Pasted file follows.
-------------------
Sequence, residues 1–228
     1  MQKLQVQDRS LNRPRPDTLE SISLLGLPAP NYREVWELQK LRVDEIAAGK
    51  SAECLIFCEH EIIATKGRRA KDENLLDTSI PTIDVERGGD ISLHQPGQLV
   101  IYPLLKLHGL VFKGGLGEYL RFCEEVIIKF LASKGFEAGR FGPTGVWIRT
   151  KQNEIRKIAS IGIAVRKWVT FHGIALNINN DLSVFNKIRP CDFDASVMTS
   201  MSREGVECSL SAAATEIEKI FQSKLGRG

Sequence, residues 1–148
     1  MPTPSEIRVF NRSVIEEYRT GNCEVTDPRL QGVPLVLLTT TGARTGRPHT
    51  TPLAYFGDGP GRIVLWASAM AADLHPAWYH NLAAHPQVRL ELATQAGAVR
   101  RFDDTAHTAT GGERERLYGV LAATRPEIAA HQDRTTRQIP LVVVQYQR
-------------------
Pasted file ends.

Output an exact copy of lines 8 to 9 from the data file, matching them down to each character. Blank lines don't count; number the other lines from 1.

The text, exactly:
     1  MPTPSEIRVF NRSVIEEYRT GNCEVTDPRL QGVPLVLLTT TGARTGRPHT
    51  TPLAYFGDGP GRIVLWASAM AADLHPAWYH NLAAHPQVRL ELATQAGAVR